Tech News and Commentary
Dave and the team discuss Twitter and Apple, an alternative to GPS, a tech billionaire being found, TikTok’s security risks, the Orion spacecraft’s trip, Intel’s billion dollar fine, and more.
Joe in Longview, Texas asked: “Is there a way to record a Facebook Messenger video and audio on an Apple computer or an iPad? I can record the video but the audio doesn’t want to work. We’re wanting to do an interview with our missionary over in the Philippines, so it would have to be something that he could use on his Android phone to be able to talk to me.”
Joe, you will need a program that takes your audio from an input and redirects it to your recording software.
There are many, many of those, some of them have been around for a very long time as well. For example, Rogue Amoebas Audio Hijack is probably closing in on at least 15 years old by now, it may even be older than that.
The problem youll face there is that those programs are typically not free. For example, Audio Hijacks license is $67.
If this is a one-off remote interview, an easier path for you may be to just set up a Zoom account. It will be available both on your Mac and on his Android phone, and youll be able to do a screen recording by just clicking on the Record button and download an audio file of the interview after youre done.
If youre expecting to go over 45 minutes you will either have to restart the call and splice the audio files together, or pay $15 for one month of premium access. In either case, youll pay less than you would for a license for audio capture software.
Rick in St. Cloud, Minnesota asked: “Can you please suggest a good radio for counter top listening. I’m looking for something simple to use, small in size, and with excellent reception. When I search on-line, all I find is alarm clock radios or boom boxes. I just want a simple AM/FM radio with excellent reception and good sound that doesn’t take up much space. Thank you.”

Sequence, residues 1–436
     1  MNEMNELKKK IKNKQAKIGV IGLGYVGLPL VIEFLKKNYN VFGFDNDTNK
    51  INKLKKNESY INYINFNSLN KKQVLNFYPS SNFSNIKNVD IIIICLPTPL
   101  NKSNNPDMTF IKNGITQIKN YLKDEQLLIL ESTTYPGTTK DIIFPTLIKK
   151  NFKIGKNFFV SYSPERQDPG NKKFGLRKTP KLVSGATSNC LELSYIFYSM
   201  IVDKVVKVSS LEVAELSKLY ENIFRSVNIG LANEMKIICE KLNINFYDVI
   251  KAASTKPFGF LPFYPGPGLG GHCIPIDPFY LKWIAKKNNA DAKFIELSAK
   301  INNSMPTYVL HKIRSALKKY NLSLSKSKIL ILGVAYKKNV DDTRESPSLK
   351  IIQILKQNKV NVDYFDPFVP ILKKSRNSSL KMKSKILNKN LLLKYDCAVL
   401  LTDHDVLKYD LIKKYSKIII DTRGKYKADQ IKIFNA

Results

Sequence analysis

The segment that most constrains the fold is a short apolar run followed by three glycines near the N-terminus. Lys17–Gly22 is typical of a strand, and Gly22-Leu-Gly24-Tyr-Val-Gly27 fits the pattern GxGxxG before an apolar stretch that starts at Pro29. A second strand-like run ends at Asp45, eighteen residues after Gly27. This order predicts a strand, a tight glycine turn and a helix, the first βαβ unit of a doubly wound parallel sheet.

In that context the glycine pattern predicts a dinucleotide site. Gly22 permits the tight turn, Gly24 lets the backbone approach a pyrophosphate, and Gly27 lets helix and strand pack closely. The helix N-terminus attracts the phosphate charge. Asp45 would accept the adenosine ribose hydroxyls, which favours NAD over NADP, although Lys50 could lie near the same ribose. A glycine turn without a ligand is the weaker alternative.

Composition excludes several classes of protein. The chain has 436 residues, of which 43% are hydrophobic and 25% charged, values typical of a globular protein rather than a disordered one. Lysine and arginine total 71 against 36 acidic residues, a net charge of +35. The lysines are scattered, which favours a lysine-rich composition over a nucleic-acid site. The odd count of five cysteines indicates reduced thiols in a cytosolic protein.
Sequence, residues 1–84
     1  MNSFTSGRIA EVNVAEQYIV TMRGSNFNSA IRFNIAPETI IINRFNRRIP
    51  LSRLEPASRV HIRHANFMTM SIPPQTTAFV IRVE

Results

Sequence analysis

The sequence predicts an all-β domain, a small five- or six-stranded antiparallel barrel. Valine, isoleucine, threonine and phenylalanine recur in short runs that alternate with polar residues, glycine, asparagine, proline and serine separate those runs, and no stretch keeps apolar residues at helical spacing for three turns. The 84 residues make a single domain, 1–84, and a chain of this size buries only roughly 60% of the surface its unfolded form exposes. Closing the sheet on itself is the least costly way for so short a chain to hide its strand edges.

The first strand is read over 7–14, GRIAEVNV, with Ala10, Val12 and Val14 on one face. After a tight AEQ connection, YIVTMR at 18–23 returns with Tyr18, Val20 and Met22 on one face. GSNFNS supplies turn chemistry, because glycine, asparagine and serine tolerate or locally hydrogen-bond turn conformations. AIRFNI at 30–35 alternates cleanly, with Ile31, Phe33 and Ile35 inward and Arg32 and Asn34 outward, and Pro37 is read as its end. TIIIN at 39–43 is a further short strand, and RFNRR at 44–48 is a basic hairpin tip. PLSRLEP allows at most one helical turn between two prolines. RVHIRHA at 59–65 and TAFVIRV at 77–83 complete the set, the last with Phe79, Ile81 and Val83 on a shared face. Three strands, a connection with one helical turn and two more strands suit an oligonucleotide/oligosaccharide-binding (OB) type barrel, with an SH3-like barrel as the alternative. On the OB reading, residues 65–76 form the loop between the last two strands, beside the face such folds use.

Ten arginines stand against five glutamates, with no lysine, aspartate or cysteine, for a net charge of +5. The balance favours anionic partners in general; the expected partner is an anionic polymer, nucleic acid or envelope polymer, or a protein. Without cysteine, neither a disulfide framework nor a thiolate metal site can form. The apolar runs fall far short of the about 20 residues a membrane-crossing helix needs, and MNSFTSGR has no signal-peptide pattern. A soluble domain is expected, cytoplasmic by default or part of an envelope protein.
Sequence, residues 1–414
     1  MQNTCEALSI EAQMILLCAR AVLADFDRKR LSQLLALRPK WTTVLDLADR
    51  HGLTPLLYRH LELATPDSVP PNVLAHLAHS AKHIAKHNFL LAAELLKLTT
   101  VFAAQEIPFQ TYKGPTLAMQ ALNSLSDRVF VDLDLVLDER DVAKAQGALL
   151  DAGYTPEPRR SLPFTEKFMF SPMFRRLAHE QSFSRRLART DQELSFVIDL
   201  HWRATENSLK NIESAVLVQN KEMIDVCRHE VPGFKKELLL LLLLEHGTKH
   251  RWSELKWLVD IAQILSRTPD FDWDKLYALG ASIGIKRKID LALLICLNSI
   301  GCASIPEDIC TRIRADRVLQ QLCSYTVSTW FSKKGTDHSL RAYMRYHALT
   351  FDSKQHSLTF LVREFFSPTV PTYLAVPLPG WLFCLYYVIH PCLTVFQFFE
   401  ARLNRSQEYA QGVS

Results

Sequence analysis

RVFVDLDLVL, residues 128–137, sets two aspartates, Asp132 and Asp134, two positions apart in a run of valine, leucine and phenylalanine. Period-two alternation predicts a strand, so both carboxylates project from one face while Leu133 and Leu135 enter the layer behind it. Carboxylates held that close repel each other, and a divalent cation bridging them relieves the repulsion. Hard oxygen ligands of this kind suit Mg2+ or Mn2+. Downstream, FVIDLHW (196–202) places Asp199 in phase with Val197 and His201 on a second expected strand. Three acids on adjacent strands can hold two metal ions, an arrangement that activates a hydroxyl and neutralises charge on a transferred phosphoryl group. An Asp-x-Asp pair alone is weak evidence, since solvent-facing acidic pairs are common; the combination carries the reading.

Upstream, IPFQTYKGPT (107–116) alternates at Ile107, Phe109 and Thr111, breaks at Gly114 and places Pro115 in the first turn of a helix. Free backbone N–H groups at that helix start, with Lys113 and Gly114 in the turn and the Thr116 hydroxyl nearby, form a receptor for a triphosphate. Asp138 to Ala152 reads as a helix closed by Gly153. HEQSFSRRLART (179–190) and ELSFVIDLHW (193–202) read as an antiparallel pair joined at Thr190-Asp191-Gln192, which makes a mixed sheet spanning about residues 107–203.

Rick, youre going to find that most of the countertop radios available today are marketed towards an older audience and they will mostly look about the same as a radio you might have bought 30 years ago.
Sangean makes lots of them, most of them with physical dials rather than digital tuning.
If you want a digital version, you can look at a Sangean PR-D19BK, for a more traditional look you can look at a Sangean WR-16.
Theyre all roughly the same when it comes to reception, they just come with a long FM antenna and a detachable square AM antenna.
C Crane still sells plenty of AM/FM radios, but mostly solar ones with emergency weather channels.
Radio is very much on the decline, if you ask anyone under 60 if they own a radio, the answer will almost certainly be no. And many opt for podcasts, services like Spotify and Apple Music, and live streaming via smart speakers and other devices.
The market for traditional physical radios is shrinking every day, so your options wont be as extensive as they would have been a few years ago, but theyre probably the best theyll ever be again.
Sterling in North Pole, Alaska asked: “I have hearing aids and I have an iPhone. The hearing aids are Bluetooth with the iPhone. I’m interested in getting an Apple Watch. What I’m trying to find out is if I get the watch, it’s Bluetooth to the phone apparently. Does that cancel out the hearing aids, or will they all work together and I can use the watch as the microphone for the call coming in that will go from the phone to the hearing aids?”
Sterling, iPhone can connect to multiple Bluetooth devices at once, and the watch wont connect as an audio device, so it wont try to hijack your hearing aids connection.
You almost certainly wont be able to split the audio and use the watch as a microphone and your hearing aids to hear the audio. Phones tend not to have that level of granularity when it comes to input and output devices. So you will likely have to continue to use your phone as you do now.
Jamie in Tampa asked: “We have not cut the cord but have friends that have – Why are these streaming services getting to be so gosh darned expensive? Many have reported to me that they’re considering just going back to cable because they don’t get good antenna reception. So what advice would you have for those of us who want to go back to cable? “
Jamie, streaming services are getting expensive because theyre run by the same terrible companies led by the same terrible people as cable and they like to squeeze the most money out of people that they can.
As for advice for those who want to go back to cable, theres not much to give. Theyre still largely a monopoly in a given area, so see what they offer you, and try to get a good deal for the first year.
If they try to gouge you, services like Hulu with Live TV and YouTube TV are just regular cable over the internet (at regular cable prices) so remember you can consider those as well.
Overall, cable is still cable, their customer service is next to non-existent, their prices are expensive, and theyll squeeze as many commercials as they can into a show. Its not a good experience, but streaming is trending worse as well, so do whatever makes the most sense to you right now and be ready to jump ship again in a year or two.
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